Inspiring Women: Tully Phillips

By catherine | August 8, 2013

The summer seems to be flying by and I can’t believe it’s already August, and time for our second installment of Inspiring Women!

This month I am excited to introduce you to another dear friend of mine, Tully Phillips.  Tully is a trailblazer in the world of gluten free sweet treats, an entrepreneur, and an all around cool chick. After graduating from SMU she attended culinary school at Le Cordon Bleu in Austin. She then moved to New York City, where she interned at Gramercy Tavern and dove right into the foodie scene. While at Gramercy, Tully learned she was gluten intolerant. At the time of her diagnosis, there were not many options for those living gluten free. Rather than throwing in the towel and resigning herself to a life without sweet treats- Tully set out to create delicious – yet completely gluten free – goodies. Through this culinary adventure, she came up with many scrumptious recipes and wanted to share her creations with others. The result was Tu-Lu’s: the first 100% dedicated gluten free bakery in NYC.

After several years living in New York, Tully relocated to Dallas, where she continued to grow her business. There are now three successful Tu-Lu’s: the original NYC bakery and two locations in the Dallas area. As a gluten intolerant person, myself, I can attest to the joy that a dedicated gluten free bakery brings! I have watched many children who live gluten free walk into the bakery, and, when they realize they can eat anything in sight, the lights in their eyes and the smiles on their faces, tell me Tully is onto something really special!

See her answers to our questions below.

Tully in the Tu-Lu's Bakery on Sherry Lane

Tully in the Tu-Lu's Bakery on Sherry Lane

What inspired you to start your business?

When I became gluten intolerant and went on a GF diet I found it easy to navigate around a dinner or lunch menu. What was missing was sweet treats! I was living in NYC at the time and even there I couldn’t find a great GF bakery. I was a professional chef cooking savory foods for catering companies but started experimenting with baking at home. Once I figured out a few great recipes I was sure that THIS was the business for me.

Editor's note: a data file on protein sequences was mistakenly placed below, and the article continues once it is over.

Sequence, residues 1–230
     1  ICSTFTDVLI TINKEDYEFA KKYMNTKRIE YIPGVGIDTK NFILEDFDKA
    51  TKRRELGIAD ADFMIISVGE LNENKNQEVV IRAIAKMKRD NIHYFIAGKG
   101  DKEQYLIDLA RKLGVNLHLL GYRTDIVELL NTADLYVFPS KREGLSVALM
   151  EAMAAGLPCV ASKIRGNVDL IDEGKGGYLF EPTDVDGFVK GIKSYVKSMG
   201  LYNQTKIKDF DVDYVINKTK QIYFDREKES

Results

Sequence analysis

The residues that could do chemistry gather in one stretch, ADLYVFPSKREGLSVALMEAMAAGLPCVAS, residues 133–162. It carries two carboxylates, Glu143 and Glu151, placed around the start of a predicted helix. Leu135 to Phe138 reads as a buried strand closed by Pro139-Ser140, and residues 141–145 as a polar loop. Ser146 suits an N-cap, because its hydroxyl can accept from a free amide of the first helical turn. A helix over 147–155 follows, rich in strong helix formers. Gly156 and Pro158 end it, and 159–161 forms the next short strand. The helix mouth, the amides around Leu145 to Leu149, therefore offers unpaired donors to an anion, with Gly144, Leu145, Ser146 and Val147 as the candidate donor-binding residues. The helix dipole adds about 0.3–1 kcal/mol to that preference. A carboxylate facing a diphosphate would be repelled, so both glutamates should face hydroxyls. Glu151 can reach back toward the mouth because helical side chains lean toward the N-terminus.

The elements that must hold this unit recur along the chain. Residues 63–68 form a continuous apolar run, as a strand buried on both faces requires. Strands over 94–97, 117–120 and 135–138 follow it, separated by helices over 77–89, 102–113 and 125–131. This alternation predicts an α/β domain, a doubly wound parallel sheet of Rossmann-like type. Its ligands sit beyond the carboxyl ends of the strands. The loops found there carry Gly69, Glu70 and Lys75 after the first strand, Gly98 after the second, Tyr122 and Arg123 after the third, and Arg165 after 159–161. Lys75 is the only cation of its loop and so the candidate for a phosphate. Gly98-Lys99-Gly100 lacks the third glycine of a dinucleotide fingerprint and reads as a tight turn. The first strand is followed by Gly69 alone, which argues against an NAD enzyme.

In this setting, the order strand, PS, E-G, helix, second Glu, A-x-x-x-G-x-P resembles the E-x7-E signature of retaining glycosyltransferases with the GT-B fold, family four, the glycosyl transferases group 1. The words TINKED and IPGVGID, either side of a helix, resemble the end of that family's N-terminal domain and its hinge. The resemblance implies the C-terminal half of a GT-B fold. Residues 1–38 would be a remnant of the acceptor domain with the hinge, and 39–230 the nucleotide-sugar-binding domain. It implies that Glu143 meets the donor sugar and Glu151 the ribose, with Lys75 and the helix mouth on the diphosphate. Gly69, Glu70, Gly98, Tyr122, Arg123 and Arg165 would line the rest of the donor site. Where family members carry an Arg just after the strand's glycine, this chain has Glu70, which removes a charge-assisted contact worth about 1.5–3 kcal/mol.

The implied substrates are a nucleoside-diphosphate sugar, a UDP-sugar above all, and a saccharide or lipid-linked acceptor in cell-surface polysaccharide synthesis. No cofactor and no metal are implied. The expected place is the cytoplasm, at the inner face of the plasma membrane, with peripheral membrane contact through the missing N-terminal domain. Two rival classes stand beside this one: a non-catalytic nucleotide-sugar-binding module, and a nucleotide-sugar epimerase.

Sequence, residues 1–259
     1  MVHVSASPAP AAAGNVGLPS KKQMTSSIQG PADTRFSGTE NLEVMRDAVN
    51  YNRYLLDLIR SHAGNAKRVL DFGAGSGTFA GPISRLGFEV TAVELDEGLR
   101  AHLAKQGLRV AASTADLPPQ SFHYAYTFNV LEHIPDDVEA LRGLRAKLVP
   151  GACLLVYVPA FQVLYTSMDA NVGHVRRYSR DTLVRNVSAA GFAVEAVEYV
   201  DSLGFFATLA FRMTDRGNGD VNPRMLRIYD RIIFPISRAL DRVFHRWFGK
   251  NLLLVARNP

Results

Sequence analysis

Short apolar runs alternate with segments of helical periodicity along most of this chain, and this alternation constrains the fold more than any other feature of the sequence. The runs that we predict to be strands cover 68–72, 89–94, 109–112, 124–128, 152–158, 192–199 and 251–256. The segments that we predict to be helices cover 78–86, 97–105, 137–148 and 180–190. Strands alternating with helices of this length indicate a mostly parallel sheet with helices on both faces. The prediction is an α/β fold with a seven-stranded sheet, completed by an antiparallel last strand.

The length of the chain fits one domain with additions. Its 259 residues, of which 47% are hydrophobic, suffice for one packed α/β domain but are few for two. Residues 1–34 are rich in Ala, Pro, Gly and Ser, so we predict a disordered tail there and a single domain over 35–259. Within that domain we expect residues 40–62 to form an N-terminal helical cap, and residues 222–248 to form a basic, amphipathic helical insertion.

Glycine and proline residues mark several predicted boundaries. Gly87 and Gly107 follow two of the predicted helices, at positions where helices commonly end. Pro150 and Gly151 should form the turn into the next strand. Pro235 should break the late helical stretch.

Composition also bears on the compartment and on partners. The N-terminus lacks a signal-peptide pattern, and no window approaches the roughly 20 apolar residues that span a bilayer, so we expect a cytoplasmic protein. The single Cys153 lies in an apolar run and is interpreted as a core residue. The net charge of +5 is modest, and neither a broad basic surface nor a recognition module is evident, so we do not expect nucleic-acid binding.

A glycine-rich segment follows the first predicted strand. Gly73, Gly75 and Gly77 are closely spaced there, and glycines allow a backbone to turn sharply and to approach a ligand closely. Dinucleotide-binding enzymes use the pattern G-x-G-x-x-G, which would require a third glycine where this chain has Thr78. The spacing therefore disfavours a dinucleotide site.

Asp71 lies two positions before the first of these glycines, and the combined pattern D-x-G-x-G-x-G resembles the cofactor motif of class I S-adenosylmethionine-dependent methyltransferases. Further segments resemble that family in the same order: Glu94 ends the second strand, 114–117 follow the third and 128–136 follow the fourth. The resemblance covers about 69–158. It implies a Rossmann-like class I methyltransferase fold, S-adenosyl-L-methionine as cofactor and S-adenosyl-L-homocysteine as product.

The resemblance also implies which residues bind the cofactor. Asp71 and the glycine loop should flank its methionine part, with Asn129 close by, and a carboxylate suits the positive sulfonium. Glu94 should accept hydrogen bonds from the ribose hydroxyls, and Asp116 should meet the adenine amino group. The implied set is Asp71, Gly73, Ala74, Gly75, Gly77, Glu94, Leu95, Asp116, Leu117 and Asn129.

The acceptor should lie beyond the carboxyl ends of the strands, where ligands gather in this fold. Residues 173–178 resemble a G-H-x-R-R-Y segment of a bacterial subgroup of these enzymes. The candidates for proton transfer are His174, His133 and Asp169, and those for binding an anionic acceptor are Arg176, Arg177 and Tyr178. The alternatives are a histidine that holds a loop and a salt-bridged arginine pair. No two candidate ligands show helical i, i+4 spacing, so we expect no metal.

Biggest challenge you face as a woman owned business?

I think my age paired with being a woman were both challenges opening my business. I was barely 28 when I signed the first lease in NYC. Being younger than some of your employees is very interesting but being firm and steady was a way to overcome that. I also had to show them that I was willing to pitch in wherever needed whether it was washing dishes, helping customers or sweeping the floor. Participating in every aspect of your business encourages respect and this goes for men and women.

Best piece of advice you ever received? From who?

Well it was probably more of a warning that advice! My step father worked in the restaurant industry for 30 plus years and his first piece of advice was “Don’t do it!” The success rate for restaurants/ retail food business is extremely low so I did understand where he was coming from. I took that “advice” and it helped me to be cautious when opening. I tried to make sure I didn’t overspend with every piece of expensive equipment and decor and also didn’t over hire. I started out with 1 full time employee and 2 part time at the NYC store and now there are 10 people! We expanded as we sales grew. I wanted to be able to sleep at night so investing too much money would have made me super stressed out.

What’s your morning routine?

I wake up around 6:45 am and make breakfast my husband and myself. I typically walk the dog and go to the gym in the morning, run errands and then go to the bakery to meet with our manager.

Calendar: Paper or Electric?

Paper! I like seeing everything for the week written out and love being able to flip forward to see what’s coming up. You really can’t do that on your iPhone as well.

How do you find work/ life balance?

I think you can’t sweat the small stuff. I used to let everything that happened at the bakery consume me but now I just take it one day at a time. When I’m home I try to be present for my husband and not always distracted by work. It’s difficult when we are open 7 days a week but at least the bakeries in Dallas close earlier than our 10:30 pm closing time in NYC!

How do you tame your email box?

I try to sit down once or twice a day and tackle all emails. It’s amazing though how they continue to pile up!

Favorite organizing tool/ trick for business.

I am a huge fan of google docs. We are able to share and continually update lists and forms between all the bakeries and managers. I also am a fan of checklists and forms in general. We have one for everything at the bakery. Daily to-do lists for the register employees, scooping lists for the bakery case, prep lists for the bakers, order forms, etc. Making the lists and updating them is actually one of my favorite things to do! As far as organizing the store goes, we strive to keep organized every day. Sometimes that doesn’t happen but we make up for it another day. It’s always a work in progress.

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